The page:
Creatures & Bosses
Although the creatures and enemies are often easy to fight against, the bosses are no pushovers. The bosses often hold special moves and can also go into an armor state that allows it to ignore a player’s attempts to flinch it which allows it to attack freely. These bosses can get difficult as players face higher difficulties and proceed to higher level stages. I was quite surprised when I fought my first boss in one of the first two stages. When I first began to try Chronoblade, I never expected it to have much of a challenge, but the boss actually gave me quite some trouble. As I got deeper into the game, I also encountered some more difficult normal enemies that would counter-attack or block my hits.
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The First Boss Encounter 
Tournaments & Leaderboard
The tournaments present an opportunity for players to compete against each other indirectly. Players try to last longer through waves and waves of enemies and try to overcome other players by scoring higher points. Every week, there is a weekly tournament players may participate in and if players are able to come out on top, players will be able to register their names on the leaderboard. The leaderboard is displayed under the game window and can be easily seen by many players. This is basically a very indirect way of playing with other players.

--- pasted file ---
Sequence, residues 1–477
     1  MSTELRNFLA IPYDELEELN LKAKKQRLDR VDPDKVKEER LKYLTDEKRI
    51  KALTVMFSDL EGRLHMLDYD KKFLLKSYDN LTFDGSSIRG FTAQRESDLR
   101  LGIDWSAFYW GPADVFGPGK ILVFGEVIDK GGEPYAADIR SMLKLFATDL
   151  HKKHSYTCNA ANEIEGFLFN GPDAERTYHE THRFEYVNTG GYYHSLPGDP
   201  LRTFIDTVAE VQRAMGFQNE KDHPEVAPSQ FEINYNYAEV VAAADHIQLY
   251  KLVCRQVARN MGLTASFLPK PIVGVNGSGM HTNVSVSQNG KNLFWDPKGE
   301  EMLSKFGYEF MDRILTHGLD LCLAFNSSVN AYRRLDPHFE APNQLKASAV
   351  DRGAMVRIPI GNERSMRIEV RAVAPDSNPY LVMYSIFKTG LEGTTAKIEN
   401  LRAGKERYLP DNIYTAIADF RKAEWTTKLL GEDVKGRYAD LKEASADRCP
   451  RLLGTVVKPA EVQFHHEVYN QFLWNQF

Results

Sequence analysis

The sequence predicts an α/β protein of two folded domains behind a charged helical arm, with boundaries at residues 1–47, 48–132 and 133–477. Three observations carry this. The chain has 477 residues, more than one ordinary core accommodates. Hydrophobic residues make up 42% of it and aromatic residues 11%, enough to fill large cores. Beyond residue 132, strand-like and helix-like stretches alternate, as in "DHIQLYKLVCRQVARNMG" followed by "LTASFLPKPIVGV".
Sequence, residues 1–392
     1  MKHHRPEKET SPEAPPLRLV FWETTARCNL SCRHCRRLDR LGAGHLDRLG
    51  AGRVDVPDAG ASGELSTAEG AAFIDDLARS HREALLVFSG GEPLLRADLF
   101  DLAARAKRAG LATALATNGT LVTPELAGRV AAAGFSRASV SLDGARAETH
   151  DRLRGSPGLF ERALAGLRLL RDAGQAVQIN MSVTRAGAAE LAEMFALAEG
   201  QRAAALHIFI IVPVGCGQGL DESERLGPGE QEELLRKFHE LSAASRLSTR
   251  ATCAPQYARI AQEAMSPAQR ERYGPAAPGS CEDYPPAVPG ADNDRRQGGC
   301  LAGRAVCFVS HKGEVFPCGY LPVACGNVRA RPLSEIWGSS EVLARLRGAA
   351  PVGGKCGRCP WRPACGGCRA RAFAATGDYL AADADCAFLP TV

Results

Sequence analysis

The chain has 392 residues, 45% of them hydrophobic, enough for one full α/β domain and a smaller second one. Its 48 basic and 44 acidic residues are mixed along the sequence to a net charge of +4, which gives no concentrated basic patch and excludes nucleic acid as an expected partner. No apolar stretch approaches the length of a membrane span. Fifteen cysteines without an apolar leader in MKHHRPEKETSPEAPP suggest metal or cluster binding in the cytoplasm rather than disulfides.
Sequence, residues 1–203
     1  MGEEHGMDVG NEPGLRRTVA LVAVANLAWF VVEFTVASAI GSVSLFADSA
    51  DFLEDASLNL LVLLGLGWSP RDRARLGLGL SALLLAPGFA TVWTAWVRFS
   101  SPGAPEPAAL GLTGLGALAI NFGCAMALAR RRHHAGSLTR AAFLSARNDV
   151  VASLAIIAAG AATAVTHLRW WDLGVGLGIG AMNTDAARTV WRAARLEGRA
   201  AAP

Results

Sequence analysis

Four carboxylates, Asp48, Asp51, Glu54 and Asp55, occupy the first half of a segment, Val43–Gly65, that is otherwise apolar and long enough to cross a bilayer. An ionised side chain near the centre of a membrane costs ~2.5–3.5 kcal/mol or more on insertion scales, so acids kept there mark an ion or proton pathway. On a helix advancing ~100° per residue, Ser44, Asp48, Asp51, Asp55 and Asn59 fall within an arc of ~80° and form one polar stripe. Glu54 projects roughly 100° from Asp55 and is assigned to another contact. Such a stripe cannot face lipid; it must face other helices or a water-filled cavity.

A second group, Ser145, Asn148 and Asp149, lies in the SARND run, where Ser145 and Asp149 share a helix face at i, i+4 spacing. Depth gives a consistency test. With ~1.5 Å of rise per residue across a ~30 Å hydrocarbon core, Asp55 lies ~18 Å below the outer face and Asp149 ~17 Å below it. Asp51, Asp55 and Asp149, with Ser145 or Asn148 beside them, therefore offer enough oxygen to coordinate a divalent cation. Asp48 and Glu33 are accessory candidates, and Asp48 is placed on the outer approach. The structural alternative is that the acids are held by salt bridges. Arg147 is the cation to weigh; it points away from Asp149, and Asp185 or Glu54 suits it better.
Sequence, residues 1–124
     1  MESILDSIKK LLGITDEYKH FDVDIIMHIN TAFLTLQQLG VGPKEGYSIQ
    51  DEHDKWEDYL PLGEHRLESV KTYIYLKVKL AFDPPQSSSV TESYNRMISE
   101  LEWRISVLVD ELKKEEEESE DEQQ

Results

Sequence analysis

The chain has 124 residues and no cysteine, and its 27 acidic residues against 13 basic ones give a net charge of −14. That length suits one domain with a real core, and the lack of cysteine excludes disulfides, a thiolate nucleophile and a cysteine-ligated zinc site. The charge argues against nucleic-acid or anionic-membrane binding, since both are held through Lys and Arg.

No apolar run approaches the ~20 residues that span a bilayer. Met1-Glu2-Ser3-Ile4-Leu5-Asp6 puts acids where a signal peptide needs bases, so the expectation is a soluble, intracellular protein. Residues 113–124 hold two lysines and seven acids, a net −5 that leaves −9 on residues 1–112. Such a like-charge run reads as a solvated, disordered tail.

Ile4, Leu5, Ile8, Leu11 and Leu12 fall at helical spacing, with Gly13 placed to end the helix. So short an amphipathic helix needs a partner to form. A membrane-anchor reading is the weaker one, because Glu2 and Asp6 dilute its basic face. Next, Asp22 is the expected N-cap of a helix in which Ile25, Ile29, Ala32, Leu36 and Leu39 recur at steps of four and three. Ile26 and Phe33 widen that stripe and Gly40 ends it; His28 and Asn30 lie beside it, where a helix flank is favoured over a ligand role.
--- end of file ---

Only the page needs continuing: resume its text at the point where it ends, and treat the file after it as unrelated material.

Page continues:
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Tournament Timer and Leaderboard
Store & Currency